How the web is going physical


Published on

By 2020 there will be 24 billion Internet connected things on the planet, most of which won't have a screen. Web designers and developers are uniquely placed to play in the physical computing world.

With skills in information design and working with numerous technologies at the same time, the skills of the web practitioner are directly transferable to the Web of Things and are leading much of the exploratory work occurring around the world right now.

Lots of examples of Web Things in the real world as well as live demonstrations (links to projects for slide share viewers) should inspire viewers to get started with the web of things.

** Note there is a momentary audio drop out just prior to 4 minutes into the presentation. If you skip ahead to the next slide you'll regain the audio (about 25 secs of content missing).

Published in: Technology, Sports
No Downloads
Total views
On SlideShare
From Embeds
Number of Embeds
Embeds 0
No embeds

No notes for slide
  • I'm really glad to see a bunch of you who are interested in physical computing. So much so that you're happy to go for a double dose after the presentation by Mike this morning.
  • As all of this stuff is going to be up at slideshare and the code on github you shouldn't need to take notes. Instead I want you to jot down ideas, sketch concepts of the sorts of things you could do with the stuff I'm talking about.
  • Today I'm going to talk about some uses of the Web of things and the skills you'll use for physical computing and I'm also going to touch on how the technologies and tools we use are starting to take over the physical world too.
  • The Web of Things is largely the future – it's something that's only just now starting to be even conceived – driven by ubiquitous Internet access and cheap computation. Like the start of the desktop and then mobile web, this is the time where we can play around and actually start to shape what the future looks like - and everyone in this room can get involved.
  • The physical world is very much the new frontier for the web I'd like to dispel a preconceived notion at that start though. A lot of web types, particularly programmers think that hardware is hard.
  • Don't be put off by the electronics, most of these things these days are very well documented and you use several components over and over and over again. It's like your building blocks in web design and development, your grid systems and css frameworks. You use the same techniques all the time.
  • 20 years ago, If you wanted to make a thing that talked to some other thing you pretty much needed a degree in Electrical Engineering and probably software design as well to be able to do such a thing. Now, One of the side effects of Moore's law is that the same computing power gets cheaper and cheaper over time.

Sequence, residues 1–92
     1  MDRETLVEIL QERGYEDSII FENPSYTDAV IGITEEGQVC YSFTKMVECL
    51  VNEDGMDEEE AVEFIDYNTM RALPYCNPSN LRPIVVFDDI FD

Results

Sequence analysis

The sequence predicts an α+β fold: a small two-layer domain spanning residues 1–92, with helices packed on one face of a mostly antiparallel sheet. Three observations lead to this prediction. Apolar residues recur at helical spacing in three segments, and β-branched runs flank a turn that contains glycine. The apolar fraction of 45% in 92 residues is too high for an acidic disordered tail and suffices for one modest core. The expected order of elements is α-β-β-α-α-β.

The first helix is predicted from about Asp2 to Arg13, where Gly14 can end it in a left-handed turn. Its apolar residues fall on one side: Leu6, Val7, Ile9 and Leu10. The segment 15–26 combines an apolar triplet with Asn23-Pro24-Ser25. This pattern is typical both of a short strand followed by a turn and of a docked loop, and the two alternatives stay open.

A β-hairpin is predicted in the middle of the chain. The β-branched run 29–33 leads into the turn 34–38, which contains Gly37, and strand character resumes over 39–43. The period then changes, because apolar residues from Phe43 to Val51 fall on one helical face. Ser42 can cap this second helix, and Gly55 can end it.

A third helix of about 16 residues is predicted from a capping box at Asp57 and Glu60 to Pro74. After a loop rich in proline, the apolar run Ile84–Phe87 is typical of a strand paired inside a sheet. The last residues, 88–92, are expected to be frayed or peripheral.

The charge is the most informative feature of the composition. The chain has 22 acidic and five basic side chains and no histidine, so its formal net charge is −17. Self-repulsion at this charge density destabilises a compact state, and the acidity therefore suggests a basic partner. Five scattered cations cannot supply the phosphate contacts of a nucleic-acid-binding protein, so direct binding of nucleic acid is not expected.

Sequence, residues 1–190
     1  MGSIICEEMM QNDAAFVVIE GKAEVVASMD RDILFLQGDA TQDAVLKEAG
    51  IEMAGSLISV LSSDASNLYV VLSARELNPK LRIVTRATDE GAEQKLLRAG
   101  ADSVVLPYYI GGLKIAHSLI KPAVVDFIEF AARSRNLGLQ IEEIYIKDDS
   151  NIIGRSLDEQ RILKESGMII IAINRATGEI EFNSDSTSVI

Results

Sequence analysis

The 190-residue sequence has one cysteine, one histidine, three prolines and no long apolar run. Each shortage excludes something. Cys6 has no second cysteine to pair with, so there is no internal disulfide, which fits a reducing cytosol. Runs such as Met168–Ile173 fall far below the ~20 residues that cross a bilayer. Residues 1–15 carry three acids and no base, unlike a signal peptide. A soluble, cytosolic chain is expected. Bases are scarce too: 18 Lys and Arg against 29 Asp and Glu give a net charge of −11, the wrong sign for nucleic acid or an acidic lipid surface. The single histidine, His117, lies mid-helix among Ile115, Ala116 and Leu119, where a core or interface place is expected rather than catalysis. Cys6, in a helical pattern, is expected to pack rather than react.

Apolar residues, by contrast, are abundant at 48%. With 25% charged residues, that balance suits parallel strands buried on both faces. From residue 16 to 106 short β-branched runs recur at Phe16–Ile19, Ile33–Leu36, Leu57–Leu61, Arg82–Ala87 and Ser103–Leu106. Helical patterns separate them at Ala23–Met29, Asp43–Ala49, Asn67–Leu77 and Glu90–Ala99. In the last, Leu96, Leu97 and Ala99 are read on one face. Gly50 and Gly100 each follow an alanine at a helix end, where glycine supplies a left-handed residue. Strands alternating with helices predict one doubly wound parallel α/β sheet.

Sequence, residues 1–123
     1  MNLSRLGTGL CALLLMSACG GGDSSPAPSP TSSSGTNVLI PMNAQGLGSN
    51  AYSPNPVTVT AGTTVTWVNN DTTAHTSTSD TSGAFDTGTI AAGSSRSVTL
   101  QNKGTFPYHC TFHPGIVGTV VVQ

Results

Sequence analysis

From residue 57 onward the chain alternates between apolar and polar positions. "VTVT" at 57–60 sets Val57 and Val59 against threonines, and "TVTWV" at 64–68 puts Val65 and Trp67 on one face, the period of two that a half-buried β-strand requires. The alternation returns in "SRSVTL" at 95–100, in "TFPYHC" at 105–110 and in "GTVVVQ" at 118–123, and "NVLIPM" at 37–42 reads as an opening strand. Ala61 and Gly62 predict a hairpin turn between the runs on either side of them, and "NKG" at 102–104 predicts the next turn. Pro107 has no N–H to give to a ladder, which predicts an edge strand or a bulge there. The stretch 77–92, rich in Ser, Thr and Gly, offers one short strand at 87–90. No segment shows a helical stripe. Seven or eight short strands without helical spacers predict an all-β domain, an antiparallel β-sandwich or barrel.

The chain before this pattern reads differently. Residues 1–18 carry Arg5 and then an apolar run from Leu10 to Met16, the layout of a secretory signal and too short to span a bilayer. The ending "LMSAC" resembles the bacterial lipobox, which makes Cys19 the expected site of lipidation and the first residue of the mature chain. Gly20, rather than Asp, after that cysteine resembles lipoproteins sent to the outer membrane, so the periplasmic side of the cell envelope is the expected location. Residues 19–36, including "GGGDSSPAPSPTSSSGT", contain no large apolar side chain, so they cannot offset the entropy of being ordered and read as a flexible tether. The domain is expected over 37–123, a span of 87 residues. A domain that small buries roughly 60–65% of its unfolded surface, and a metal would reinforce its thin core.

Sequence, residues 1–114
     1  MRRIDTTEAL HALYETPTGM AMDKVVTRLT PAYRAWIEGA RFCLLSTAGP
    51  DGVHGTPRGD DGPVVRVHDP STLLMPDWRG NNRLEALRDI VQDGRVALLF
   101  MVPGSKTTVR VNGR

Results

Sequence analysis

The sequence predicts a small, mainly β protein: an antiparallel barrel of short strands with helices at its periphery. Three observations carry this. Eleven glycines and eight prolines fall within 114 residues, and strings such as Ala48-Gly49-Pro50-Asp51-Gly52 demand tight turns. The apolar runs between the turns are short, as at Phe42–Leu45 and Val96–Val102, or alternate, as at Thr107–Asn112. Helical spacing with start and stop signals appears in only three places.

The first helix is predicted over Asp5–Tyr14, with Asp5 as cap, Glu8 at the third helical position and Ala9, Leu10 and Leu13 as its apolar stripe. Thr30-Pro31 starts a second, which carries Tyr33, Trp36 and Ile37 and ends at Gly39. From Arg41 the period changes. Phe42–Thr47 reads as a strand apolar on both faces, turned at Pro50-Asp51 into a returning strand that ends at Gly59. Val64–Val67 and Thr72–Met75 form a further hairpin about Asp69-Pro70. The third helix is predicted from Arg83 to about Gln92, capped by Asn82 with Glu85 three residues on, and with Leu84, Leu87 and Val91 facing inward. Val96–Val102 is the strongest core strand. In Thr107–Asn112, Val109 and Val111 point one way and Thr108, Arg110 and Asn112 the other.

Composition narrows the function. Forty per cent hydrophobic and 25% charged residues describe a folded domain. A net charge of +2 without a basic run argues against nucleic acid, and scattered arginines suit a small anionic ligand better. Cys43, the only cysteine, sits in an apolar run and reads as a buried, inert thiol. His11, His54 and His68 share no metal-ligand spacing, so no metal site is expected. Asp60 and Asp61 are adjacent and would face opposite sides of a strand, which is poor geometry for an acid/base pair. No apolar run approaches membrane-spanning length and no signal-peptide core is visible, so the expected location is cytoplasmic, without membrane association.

• Eventually it becomes so cheap you can throw it into things like a McDonald's happy meal toy. You start to have so much fractional computation around you it starts to permeate every part of our existence. The impact of this is profound when this is all networked because it allows the web to come to life.
  • This is the way technology advances so if you were put off electronics more than 5 or 6 years ago then you'd be really surprised at what's now available. Hardware is becoming just like software and just as things like Jquery or Django allow us to get to our ideas faster, hardware is going the same route.
  • The average 8 year old with a box of lego mind storms and a couple of hacks now has the potential to conceive, build and program an Internet connected thing in their bedroom. When I was 8 lego was pretty much just space ships and fire trucks.
  • The open source community has embraced hardware too making hardware designs that are free to use, modify and build upon, so we're seeing an explosion of iteration just like we have on the Web on the software side.
  • So hardware is no longer hard, it's becoming soft, malleable and accessible. And we're at a really interesting point as cheap and accessible technologies meet the distribution and tools of the web and so we're starting to see an explosion of interesting, innovative uses. And all of you can get involved with it.
  • So let's explore some web connected things, from the personal to the global and talk about how you can start getting involved in this new area. To start with, you're going to need a platform
  • I like arduino and will talk about it a bit today. Arduino uses C++, which is a very powerful and well documented language and there is a huge community and groundswell around the platform that has a great mix of designers, developers, engineers of all skill levels so is a great community to be part of. **Get Arduino IDE at **
  • I have to give you the boring warning I know but at least I've said it. Batteries work just fine 99% of the time And from personal experience I can tell you even a 12 Volt car battery will give you a bit of shock. Don't play with mains electricity unless you really know what you're doing